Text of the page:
2. Put some water on to boil. For one person use a 2 quart pot and 3 cups of water? Maybe a little less?
  3. Prepare your vegetables from group 1. Peel or seed if needed and dice finely. Add them to the water before anything else to start to soften. When the water comes to a boil turn it down so it’s only boiling lightly. Cook for about 3? minutes.
  4. Meanwhile, prepare any vegetables from group 2. Add them to the boiling water. Cook for about 2? minutes.
  5. Meanwhile, prepare any vegetables from group 3, and dice your tofu and get out your brown rice. Add them to the boiling water, and cook for about 2? minutes.
  6. Off the heat, but it’s okay to leave the pan on the burner, even if you have an electric stove. Add your miso. I think for 3 cups of water you need about 1.5 Tbs. of miso (I need to check this). I’m usually lazy, and just mix the miso directly into the soup. Stir it well because if you don’t you could get a lump of miso, which is incredibly salty and so pretty unpleasant. Alternatively, use a small sieve, and push the miso through the sieve into the soup, to avoid any lumps.
  7. Add scallions or bean sprouts and your fried egg if desired. I like to cut my fried egg into strands using scissors.

My Notes:

I’d recommend not trying to put too many different ingredients in your miso soup. I’d choose probably three different vegetables only.

You’ll need an extra-large soup bowl for this breakfast. A little cereal bowl just won’t cut it. This breakfast is extremely healthy but high in sodium from the miso, so go light on sodium for the rest of the day.

I finished my miso and bought a new container and it tasted so good, much better than before. It could be I was just hungrier, but I was wondering if miso loses flavor with age? How long does miso last in the fridge? Anyone know?

The author of the above book makes her miso soup with dashi (a broth made from kombu and fish flakes) but I don’t eat fish and it’s easier to just use water, plus I’m not a big fan of the fishy flavor. Maybe that’s why I liked today’s soup better–no kombu?

I just noticed I don’t have broccoli or cauliflower on my list. Have I never put them in miso soup?

Clearly this recipe needs work, as I don’t have amounts for the vegetables and even the amounts I do have are total guesses. I’ll try to pay more attention next time I make it.

Rating: B
Derek: B (much to his surprise, he was quite skeptical when I said I was making miso soup for breakfast)

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White Wine and Garlic French-Style Vegetable Medley (B+)

March 29, 2006 at 5:04 am (B plus (3.5 stars, like a lot), Dark leafy greens, French, Spring recipes)

At Kaya last weekend we had a “mixed mushroom saute” appetizer that was actually more potato than mushrooms, but extremely satisfying. It had fingerling potatoes, a few different types of mushrooms, little bits of chard, some garlic I think, and lots of white wine, olive oil, and salt. I tried to copy it at home last night, and it came out quite well. Even Derek liked it quite a bit, but he thought it was a little one dimensional, overly wine-y maybe. He thought Kaya’s dish had some other “rounding” flavor that I was missing. Perhaps it was butter?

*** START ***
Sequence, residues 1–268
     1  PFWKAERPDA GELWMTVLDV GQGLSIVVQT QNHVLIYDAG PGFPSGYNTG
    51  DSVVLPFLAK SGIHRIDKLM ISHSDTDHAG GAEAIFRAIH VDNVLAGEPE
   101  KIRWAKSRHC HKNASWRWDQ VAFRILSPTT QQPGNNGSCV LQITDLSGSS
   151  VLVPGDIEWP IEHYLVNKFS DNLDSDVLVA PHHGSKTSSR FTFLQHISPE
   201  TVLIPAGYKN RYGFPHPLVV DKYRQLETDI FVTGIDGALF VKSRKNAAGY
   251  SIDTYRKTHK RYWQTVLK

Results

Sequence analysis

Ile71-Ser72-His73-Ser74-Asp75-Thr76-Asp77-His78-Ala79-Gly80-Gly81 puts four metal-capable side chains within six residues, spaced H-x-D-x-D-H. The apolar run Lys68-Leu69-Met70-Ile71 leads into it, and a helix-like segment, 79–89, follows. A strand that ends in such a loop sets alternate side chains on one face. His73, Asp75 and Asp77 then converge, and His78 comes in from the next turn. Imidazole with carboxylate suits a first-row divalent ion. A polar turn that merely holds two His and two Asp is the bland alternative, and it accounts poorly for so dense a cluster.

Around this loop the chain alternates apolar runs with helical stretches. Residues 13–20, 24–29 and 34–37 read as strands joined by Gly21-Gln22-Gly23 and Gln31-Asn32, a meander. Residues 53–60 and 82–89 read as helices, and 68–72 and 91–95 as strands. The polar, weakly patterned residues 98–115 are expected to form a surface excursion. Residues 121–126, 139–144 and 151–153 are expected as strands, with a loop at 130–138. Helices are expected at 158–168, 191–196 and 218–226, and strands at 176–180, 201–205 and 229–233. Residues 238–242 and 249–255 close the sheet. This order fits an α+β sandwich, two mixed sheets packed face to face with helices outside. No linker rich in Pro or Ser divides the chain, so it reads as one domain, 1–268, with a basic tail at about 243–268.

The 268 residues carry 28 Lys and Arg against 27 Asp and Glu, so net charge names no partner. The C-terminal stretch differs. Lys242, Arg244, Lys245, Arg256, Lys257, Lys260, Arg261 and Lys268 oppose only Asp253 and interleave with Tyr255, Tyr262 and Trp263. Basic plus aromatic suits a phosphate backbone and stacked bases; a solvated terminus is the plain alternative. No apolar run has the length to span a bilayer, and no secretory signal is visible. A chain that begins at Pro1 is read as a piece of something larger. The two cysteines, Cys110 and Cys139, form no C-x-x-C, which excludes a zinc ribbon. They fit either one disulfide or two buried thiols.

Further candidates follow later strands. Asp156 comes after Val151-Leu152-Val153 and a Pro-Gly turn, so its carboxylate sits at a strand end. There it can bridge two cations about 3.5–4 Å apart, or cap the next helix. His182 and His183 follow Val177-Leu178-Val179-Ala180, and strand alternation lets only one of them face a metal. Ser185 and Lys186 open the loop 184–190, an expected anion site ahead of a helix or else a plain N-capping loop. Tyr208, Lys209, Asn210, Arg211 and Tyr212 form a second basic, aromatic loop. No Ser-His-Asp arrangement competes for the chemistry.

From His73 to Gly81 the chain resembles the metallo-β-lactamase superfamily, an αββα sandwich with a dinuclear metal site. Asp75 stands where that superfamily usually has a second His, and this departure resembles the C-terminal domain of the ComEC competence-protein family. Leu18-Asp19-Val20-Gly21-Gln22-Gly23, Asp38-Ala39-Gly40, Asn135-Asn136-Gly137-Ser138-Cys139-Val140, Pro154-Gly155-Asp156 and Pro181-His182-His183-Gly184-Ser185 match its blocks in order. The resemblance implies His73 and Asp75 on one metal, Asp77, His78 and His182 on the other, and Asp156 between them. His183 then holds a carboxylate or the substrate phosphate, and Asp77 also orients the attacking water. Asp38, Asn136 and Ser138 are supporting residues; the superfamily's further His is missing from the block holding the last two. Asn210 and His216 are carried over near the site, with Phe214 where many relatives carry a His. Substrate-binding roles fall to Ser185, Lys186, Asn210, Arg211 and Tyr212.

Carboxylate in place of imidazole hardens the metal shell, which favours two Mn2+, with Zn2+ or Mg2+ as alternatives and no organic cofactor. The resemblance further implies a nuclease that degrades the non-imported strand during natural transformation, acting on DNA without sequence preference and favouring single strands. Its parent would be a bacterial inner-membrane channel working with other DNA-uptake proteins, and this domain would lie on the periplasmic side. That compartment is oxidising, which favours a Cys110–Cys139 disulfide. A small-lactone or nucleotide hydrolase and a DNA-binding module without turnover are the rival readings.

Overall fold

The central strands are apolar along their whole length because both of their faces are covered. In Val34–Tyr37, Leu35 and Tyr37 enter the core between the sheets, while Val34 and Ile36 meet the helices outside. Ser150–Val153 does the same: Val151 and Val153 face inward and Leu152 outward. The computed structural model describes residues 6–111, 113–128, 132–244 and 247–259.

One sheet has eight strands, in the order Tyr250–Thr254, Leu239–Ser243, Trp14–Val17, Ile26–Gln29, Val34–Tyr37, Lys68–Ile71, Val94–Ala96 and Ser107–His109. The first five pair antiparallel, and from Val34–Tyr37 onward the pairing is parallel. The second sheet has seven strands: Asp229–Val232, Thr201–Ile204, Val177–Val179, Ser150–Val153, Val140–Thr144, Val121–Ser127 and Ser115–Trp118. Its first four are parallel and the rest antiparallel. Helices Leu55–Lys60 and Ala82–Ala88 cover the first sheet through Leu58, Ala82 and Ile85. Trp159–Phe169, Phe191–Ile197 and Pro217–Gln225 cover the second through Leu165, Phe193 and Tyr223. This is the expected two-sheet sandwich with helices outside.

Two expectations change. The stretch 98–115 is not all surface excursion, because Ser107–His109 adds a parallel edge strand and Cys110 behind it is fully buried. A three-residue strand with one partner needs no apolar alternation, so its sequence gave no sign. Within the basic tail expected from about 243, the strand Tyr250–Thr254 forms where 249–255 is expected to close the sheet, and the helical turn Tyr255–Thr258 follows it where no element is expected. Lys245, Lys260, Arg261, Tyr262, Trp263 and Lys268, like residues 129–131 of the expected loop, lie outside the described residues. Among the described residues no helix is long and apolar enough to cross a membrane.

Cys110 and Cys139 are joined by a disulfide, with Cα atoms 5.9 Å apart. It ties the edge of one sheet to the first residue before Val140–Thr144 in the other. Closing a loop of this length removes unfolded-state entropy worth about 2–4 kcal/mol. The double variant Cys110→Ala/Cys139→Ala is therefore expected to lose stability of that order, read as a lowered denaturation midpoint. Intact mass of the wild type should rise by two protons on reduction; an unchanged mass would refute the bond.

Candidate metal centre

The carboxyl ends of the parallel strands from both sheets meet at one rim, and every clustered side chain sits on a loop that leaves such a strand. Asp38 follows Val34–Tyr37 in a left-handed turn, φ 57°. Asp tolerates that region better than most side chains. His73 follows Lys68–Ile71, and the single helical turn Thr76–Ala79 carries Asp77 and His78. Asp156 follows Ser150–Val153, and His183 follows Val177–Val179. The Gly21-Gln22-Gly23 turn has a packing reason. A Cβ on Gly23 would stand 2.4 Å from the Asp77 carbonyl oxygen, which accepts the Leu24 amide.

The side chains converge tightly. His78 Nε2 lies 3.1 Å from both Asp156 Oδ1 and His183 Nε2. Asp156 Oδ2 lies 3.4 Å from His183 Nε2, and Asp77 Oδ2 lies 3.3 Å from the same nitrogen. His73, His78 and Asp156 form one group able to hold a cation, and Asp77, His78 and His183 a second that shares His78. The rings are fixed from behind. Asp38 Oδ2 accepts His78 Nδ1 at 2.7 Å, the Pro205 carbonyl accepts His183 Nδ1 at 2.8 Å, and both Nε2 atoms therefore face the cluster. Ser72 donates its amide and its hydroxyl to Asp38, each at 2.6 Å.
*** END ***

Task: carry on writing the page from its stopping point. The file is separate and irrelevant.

I didn’t measure but here are the ingredients I used, as I remember them:

White Wine and Garlic French-Style Vegetable Medley

about 4-6 small Yukon gold potatoes, halved then sliced thinly [Kaya used fingerlings]
1 large shiitake mushroom [Kaya used different wild mushrooms]
about 10 large button mushrooms, sliced
1/3 of a large burdock root, cut very thinly along the bias [my own addition]
1/2 bunch of red chard (stems removed) [I used more than Kaya did]
5 medium-large cloves of garlic
olive oil
white wine
black pepper
aleppo pepper [my addition, I don’t think the Kaya dish was spicy]
garlic powder
onion powder

I thought the burdock root added a great flavor, but I should have added it before the potatoes as it wasn’t quite cooked enough. Derek picked out his burdock, but I wasn’t sure if it was because of the texture only, or the flavor too. Burdock and white wine… a wonderful combination. The earthy burdock is complemented by the sweet acidic wine so well.

The fresh shiitake was very nice. I should have used more except I was worried that Derek wouldn’t like them, since he’s picky about the texture of shiitake mushrooms. The shiitake wasn’t chewy, however, but quite tender. The button mushrooms were okay, but probably should have been quartered instead of sliced.

Rating: B+
Derek: B

With new potatoes, spring mushrooms like morels or porcinis, and early delicate chard or beet greens, this makes a lovely recipe for late spring.

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Ginger Snaps

March 28, 2006 at 10:32 am (A (4 stars, love, favorite), Alice Medrich, Cookies, Derek's faves, Dessert)

Last night I made gingersnaps from Alice Medrich’s cookbook Cookie and Brownies. Derek said they were the best cookies he ever had. Though I enjoyed them, I suspected hyperbole, and when challenged he said they were at least the best cookies I ever made. A compliment? An insult? I’m not sure. Read the rest of this entry »